portion control

Research published in the American Journal of Clinical Nutrition shows once again that paying attention while you eat helps you eat less—and that eating while distracted causes you to eat more now and later.

Researchers looked at the results from 24 different studies on the impact of awareness, attention, memory and distraction on how much food we eat and came up with some pretty convincing conclusions. It turns out that paying attention while eating, remembering previous meals, and generally being more aware of what we’re eating universally helped people to eat less. And eating less is a key to losing weight.

Strategies like writing down previous meals, using visual reminders of previous meals (like snapping a photo with your phone), or even keeping food wrappers in plain sight instead of hiding them in the trash helped people eat less at their next meal. Even just thinking about your last meal seemed to help.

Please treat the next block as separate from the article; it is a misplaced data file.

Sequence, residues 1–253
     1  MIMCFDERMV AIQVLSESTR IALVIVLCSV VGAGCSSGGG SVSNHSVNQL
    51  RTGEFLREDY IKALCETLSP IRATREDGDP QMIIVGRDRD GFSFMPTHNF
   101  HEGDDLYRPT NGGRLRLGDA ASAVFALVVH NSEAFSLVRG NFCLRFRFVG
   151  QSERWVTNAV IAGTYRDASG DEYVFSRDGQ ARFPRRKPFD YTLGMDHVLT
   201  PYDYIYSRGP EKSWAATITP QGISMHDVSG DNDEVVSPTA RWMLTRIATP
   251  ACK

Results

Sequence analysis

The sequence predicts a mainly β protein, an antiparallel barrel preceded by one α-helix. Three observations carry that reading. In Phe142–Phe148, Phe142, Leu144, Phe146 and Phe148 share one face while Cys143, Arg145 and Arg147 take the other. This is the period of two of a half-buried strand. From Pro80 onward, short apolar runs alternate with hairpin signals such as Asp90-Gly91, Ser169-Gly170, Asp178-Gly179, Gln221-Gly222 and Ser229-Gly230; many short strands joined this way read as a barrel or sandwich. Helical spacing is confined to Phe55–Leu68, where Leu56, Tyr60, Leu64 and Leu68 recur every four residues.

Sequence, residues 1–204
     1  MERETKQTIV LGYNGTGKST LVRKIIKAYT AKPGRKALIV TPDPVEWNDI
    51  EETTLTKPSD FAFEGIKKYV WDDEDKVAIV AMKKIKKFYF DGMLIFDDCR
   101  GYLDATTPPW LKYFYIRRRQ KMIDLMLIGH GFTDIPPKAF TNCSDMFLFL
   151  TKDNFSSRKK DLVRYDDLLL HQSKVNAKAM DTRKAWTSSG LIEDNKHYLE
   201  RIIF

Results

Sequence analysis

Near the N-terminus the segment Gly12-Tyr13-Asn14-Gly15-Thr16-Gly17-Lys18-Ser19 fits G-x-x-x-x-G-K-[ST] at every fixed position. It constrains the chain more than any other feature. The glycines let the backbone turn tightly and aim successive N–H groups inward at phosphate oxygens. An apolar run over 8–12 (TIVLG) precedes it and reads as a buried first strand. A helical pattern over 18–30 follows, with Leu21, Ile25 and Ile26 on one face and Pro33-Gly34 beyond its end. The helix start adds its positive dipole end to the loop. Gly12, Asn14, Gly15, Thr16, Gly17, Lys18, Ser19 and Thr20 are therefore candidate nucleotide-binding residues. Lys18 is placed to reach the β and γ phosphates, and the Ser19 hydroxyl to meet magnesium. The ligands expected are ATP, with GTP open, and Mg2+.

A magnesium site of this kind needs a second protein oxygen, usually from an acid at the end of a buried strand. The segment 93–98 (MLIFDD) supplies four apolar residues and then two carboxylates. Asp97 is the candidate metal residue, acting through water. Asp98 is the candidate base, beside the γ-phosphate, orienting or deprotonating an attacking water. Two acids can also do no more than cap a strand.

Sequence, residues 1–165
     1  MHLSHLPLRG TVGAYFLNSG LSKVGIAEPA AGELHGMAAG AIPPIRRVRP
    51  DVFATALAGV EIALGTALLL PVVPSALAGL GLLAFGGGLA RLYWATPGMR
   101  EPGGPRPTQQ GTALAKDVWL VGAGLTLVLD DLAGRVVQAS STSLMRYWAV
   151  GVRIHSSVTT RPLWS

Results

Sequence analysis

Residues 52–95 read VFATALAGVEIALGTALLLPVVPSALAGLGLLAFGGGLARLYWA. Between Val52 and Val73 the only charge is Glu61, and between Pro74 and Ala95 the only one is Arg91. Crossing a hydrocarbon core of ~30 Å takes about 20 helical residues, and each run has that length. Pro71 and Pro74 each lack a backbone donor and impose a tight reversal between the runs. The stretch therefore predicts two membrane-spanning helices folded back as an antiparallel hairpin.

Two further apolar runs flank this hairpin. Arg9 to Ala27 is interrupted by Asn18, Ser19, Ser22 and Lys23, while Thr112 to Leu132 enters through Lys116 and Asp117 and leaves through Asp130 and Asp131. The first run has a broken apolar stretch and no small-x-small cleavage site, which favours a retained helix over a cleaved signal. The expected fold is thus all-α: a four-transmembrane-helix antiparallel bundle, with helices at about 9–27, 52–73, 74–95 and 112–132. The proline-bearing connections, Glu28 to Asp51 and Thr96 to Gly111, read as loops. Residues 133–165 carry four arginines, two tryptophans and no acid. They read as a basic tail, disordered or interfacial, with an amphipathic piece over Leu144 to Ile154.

“Our research found that if people recalled their last meal as being filling and satisfying then they ate less during their next meal. This could be developed as a new strategy to help with weight loss and maintenance and reduce the need for calorie controlled dieting,” said Dr. Eric Robinson, from the Institute of Psychology, Health and Society.

The study didn’t quantify which method of remembering meals or paying attention had the greatest impact, and researchers said more study into the specific techniques was needed. But it seems easy enough to employ one or all of the mindful eating techniques to find out which works best for you.

On the flip side, the research also showed that eating while distracted resulted in overeating. Activities like watching television, checking your phone or computer, reading, and even listening to music caused people to pay less attention to their meal and therefore overeat. Perhaps most telling, the effect wasn’t limited to the meal at which participants were distracted. Because they were less able to remember the previous meal as being satisfying, participants continued to overeat at subsequent meals.  

And that might be a good enough reason to turn off Facebook next time you’re eating lunch.

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